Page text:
Benefits of our Program.
One of the significant competencies students will require in the 21st century is resilience. We teach a number of skills and competencies in positive education. These topics focus on building students’ social and emotional wellbeing. We focus on developing resilience or the capacity to “bounce back” from challenging circumstances. We also teach character strengths, strategies to manage thinking traps, coping and problems solving skills.
What are the benefits of positive education programs?
Our positive education program takes into account the science of many other researchers. Recent findings summarised by Gregory Park (2013) on the benefits of teaching wellbeing have shown:
- Using one’s signature strengths in a new way increased happiness and decreased depression for six months (Gander, Proyer, Ruch, & Wyss, 2012).
- Self-control predicted high school grades, absences, and at-home study habits better than IQ (Duckworth & Seligman, 2005).
- Self-control predicted homework completion, classroom conduct, and report card grades in a longitudinal study of over 500 middle school students (Duckworth et al., 2012).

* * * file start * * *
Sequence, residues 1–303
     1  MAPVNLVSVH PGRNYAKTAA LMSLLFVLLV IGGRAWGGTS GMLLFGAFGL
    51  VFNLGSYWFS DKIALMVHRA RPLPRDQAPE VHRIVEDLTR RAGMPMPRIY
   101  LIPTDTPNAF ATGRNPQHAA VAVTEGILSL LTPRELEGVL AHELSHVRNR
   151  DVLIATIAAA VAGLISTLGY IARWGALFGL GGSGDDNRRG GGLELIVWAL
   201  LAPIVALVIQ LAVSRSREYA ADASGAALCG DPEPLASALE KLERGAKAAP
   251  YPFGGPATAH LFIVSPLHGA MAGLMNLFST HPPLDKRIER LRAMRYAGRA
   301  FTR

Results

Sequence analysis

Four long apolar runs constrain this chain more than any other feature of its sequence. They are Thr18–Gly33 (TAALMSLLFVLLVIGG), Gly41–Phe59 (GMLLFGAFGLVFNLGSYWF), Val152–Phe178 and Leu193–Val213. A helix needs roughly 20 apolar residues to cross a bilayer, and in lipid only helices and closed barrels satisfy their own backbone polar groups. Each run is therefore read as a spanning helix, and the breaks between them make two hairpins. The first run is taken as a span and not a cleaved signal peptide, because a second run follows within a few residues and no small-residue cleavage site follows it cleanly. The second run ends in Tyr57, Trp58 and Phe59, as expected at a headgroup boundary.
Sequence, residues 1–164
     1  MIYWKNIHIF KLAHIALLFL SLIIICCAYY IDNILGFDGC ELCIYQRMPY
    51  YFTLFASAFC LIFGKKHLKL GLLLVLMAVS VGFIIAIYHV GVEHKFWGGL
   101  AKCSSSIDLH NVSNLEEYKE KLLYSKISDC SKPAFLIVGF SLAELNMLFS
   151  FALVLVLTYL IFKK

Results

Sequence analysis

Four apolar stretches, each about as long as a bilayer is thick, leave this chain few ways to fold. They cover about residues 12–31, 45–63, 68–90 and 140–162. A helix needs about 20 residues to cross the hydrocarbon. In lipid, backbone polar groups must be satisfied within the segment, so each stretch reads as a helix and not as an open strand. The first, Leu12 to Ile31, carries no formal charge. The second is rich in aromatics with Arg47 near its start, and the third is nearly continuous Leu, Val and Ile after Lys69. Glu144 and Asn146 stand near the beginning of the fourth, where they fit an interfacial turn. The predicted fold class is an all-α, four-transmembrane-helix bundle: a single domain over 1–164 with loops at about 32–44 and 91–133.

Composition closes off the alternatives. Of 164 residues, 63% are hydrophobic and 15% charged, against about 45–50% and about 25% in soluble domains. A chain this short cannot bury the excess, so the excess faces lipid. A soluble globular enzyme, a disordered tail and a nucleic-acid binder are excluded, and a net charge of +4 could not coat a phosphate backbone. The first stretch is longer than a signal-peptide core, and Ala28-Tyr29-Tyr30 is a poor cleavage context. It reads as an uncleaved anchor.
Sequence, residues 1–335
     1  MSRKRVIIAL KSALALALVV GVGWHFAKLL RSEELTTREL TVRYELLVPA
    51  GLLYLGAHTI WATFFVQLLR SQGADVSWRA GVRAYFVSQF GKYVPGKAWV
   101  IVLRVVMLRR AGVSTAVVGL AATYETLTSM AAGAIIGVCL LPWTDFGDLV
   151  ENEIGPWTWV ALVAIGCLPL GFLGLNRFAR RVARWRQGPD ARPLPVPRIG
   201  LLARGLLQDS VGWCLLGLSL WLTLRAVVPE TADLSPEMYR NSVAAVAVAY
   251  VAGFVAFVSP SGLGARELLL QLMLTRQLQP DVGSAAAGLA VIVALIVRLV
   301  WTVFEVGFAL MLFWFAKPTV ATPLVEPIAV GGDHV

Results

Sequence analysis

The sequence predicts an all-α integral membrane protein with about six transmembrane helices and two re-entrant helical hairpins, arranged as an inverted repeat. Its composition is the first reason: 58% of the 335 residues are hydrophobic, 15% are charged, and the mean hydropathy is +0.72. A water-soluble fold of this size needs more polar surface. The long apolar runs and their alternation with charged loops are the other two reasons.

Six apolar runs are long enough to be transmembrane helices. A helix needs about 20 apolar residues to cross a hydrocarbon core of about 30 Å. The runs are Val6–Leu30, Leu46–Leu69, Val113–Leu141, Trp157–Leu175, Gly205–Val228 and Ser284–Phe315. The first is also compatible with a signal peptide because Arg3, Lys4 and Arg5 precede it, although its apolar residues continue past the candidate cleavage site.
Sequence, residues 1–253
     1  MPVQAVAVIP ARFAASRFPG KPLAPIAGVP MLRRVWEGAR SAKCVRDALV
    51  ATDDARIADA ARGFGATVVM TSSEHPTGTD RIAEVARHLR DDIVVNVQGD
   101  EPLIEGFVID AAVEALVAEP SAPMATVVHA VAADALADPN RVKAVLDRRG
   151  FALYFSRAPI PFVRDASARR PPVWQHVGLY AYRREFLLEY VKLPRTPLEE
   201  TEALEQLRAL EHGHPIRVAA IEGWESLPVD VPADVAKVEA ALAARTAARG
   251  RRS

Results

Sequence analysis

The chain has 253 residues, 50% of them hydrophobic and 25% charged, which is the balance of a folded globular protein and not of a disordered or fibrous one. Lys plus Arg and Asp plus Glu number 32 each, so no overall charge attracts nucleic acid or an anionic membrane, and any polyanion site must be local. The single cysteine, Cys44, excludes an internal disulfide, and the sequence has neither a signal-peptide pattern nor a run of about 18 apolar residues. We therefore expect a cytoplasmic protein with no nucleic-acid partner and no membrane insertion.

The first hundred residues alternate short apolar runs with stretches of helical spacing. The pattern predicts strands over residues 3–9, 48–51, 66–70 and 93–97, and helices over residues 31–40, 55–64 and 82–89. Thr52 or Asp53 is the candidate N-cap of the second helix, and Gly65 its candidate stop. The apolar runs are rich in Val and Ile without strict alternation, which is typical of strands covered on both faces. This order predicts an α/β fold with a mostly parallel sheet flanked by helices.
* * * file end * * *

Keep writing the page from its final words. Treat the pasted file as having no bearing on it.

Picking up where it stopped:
- Individuals’ levels of grit—perseverance for long-term goals—predicted several forms of academically-related achievement, including grades at top US universities, retention in elite military academy classes, and ranking in a national spelling competition (Duckworth et al., 2007).
- Character strengths of the mind (e.g., self-regulation, perseverance, love of learning) were predictive of school success (Weber & Ruch, 2012b).
- The character strengths – perseverance, love, gratitude, and hope – predict academic achievement in middle school students and college students (reported in Park & Peterson, 2009a).
- Changes in a student’s self-control predicted changes his/her school grades six months (Duckworth et al., 2010; Duckworth et al., 2011).
- Self-control predicts childhood health, too. A study of children progressing into adolescence found that self-control was an important protective factor against becoming overweight (Tsukayama et al., 2010).
- A recent meta-analysis of 213 school-based, universal Positive Education or Social Emotional Learning (SEL) programs, involving over 250,000 students, concluded that these interventions had positive effects across a range of outcomes (Durlak et al., 2011).
Dr Karen Reivich of the University of Pennsylvania
Dr Karen Reivich talks about the Positive Education and Wellbeing course that our staff will be undertaking.